Here’s the good news, America: The Donald Trump versus Kim Jong Un showdown may be making you nervous, but it isn’t the first time a reckless, lecherous U.S. president obsessed with his own vigor and out of his depth on foreign policy faced off against a 30-something dictator armed with nukes. If we survived the Cuban missile crisis without a thermonuclear war, there’s probably a way to get through this one, too.
I know, I know: According to official baby boomer history, we’re supposed to be grateful for the “combination of toughness and restraint, of will, nerve, and wisdom,” in the hagiographic words of Arthur Schlesinger Jr., with which John F. Kennedy forced Nikita Khrushchev to remove Soviet missiles from Fidel Castro’s island without war.
But this is mostly mythmaking. In reality, the Cuban missile crisis was the kind of scenario many of us feared could follow the election of Donald Trump: An inexperienced president gets elected on promises of toughness and flagrant lies, makes a series of bad decisions that provoke escalation from our foes, at which point political considerations make him feel he can’t back down, and suddenly we’re staring at nuclear war.
That’s basically the sequence of events that gave us the Cuban crisis, as Ben Schwarz pointed out in a revisionist Atlantic essay in 2013. Kennedy was elected after attacking Richard Nixon over a supposed “missile gap” with Russia that did not exist. He proceeded to fulfill his promise to Make America Tough Again with a series of poorly planned, Mafia-entangled, occasionally ludicrous attempts to unseat Fidel Castro, culminating in the Bay of Pigs disaster. At the same time, he went ahead with a plan to place Jupiter missiles in Turkey, a provocative gesture that made the Soviets suspect that we were looking for opportunities for a nuclear first strike.
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When Khrushchev responded to this aggression and incompetence with the missiles-to-Cuba scheme, Kennedy decided that while the missiles did not place the United States in greater military danger (a nuke is a nuke whether fired from Havana, Russia or a submarine off the U.S. coast), they created an unacceptable political problem for his presidential credibility. Thus the escalation that followed – the quarantine, the invasion threat, the nuclear brinkmanship.
Which, officially, succeeded: The Russians backed down, the missiles went away, and the world was saved. But really that “success” required giving the Russians the strategic concession they had originally sought. The Jupiters were removed as well, but on a delayed timetable to allow the Kennedy White House to deceive about the crisis’ resolution. Meanwhile, U.S. efforts to overthrow Castro diminished, and his regime endures today.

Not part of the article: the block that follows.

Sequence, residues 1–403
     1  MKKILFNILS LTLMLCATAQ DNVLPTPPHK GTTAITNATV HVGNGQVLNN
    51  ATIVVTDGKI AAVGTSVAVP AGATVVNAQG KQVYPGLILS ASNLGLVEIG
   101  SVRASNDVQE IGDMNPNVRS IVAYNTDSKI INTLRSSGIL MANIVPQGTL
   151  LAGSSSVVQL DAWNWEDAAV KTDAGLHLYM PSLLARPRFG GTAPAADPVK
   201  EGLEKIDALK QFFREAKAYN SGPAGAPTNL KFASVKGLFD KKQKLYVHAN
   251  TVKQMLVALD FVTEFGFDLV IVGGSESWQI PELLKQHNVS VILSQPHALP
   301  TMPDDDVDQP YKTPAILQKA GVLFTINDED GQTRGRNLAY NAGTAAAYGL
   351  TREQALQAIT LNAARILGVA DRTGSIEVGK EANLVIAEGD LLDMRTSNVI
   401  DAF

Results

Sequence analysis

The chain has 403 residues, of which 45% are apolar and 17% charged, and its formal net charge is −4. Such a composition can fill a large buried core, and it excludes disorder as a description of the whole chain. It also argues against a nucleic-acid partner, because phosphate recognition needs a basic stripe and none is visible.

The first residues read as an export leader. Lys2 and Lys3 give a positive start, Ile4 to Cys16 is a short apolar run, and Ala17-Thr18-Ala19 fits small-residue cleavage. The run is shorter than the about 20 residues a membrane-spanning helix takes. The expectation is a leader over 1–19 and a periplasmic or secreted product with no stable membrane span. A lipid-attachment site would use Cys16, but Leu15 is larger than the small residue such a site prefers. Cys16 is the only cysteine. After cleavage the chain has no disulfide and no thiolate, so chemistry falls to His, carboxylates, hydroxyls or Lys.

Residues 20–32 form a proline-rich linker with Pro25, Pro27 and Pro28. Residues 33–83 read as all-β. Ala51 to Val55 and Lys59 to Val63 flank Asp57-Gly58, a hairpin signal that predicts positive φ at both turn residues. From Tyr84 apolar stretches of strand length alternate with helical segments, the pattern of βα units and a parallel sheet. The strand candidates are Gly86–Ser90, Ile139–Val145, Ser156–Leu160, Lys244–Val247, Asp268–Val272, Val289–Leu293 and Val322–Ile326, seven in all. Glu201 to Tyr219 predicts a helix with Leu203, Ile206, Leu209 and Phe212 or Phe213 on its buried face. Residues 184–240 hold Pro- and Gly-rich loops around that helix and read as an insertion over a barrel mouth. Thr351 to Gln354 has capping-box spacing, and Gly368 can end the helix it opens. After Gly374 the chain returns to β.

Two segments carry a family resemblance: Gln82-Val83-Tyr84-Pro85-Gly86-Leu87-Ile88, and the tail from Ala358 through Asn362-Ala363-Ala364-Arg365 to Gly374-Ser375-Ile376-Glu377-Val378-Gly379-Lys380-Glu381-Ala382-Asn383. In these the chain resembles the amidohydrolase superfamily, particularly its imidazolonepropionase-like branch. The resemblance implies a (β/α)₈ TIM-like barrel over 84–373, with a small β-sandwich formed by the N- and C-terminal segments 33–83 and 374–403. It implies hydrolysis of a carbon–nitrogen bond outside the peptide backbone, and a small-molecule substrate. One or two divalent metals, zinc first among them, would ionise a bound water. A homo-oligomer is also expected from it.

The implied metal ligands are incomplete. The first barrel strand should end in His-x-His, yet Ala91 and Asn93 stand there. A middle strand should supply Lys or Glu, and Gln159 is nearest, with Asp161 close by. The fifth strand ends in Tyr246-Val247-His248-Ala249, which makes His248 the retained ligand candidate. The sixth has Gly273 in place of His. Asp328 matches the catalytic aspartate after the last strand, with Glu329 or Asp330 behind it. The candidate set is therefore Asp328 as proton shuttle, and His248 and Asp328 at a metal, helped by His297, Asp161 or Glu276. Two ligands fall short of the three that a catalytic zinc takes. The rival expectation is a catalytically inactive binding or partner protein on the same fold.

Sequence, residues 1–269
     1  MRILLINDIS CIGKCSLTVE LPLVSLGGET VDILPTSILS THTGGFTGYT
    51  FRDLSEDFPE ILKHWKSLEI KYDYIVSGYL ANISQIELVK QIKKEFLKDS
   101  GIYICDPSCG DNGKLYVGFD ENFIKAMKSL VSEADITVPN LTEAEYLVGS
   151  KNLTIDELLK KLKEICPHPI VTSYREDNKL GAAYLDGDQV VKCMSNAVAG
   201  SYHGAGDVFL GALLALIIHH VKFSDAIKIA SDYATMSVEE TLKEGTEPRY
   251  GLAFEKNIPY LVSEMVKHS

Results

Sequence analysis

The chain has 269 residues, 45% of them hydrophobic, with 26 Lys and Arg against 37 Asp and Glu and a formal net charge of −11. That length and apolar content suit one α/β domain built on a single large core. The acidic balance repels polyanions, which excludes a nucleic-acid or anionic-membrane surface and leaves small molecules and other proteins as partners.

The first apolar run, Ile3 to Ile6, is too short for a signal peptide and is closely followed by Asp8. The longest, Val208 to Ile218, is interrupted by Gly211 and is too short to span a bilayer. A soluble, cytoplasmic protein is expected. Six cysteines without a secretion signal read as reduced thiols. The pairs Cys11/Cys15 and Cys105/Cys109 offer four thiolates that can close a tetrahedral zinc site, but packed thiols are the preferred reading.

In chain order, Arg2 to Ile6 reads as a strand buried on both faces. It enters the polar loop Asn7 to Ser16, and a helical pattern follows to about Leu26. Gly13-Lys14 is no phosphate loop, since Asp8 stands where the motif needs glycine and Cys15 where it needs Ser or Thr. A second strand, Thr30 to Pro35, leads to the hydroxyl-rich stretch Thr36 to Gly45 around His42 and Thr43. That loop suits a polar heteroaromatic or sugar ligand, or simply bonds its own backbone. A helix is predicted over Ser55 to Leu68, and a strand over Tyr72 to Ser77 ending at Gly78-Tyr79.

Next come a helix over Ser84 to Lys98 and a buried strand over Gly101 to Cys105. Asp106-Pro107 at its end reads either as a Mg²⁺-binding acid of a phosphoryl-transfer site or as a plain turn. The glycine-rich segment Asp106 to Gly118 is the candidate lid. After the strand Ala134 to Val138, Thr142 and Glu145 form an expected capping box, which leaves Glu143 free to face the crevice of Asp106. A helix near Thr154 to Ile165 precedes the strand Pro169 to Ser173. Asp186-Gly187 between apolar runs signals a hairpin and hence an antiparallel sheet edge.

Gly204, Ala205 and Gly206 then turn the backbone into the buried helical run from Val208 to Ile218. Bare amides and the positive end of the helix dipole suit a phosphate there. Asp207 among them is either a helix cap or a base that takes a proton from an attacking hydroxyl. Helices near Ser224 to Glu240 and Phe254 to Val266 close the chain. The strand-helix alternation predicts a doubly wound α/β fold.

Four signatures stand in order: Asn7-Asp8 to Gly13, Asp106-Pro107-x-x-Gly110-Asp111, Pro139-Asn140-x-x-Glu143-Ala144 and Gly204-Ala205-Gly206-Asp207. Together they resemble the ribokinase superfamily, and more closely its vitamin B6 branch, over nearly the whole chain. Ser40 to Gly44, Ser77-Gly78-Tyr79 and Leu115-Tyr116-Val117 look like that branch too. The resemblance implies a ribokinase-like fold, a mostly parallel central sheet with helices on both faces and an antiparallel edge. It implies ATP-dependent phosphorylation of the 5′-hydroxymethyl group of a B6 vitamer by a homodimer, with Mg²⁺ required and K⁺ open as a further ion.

There are ways in which Donald Trump is a kind of Dorian Gray’s portrait of JFK – with the same appetitiveness and clannishness (swap Ivanka for RFK) and personal secrets (tax returns for Trump, medical records for Kennedy), but without the youthful looks and eloquence and a patina of intellectualism and idealism to clean those failings up. And in the Korean crisis as in Cuba, our new president’s obsession with looking tough risks making an already dangerous situation worse.
Of course the differences are manifold. The nukes are Kim’s this time, whereas they weren’t Castro’s, so despite China’s crucial role we ultimately have to deal with the 30-something’s regime more directly. The weapons’ purpose is blackmail and self-protection, with no Cold War grand strategy involved. The U.S. military seems more likely to be a restraining force in this crisis than a hawkish one.
Meanwhile Trump himself is far more publicly unmastered and privately ignorant than JFK. But in fairness, Trump also has confined his real bellicosity to Twitter, without ordering any Kennedy-esque military misadventures or escalations yet. Then again Kennedy ultimately did get us out of his crisis unscathed, for which even the revisionist take on his failures needs to give him credit.
Can Trump do the same? My sense is that he would gladly – nay, eagerly – take a version of the deal that Kennedy ultimately struck: a bargain that looked better publicly for the U.S. than in secret, that allowed him to claim success even if the reality were different.
But it is harder to see how such a deal would be made, since the concessions we would have to make to Pyongyang are unlikely to be kept secret. (And in Khrushchev’s post-crisis loss of power, Kim can see the price of letting a U.S. president save too much face.)
So it’s more likely that if we avert war, it will be because Trump is fundamentally a bluffer, who will issue threats on Twitter but won’t overrule his advisers if they tell him not to give an order that will leave hundreds of thousands dead.
Unfortunately, the bluster and incompetence will also probably make any deal worse than it otherwise might be.
But that’s the nature of the Trump presidency: You root for the least-bad outcome, knowing that the best one is probably already out of reach.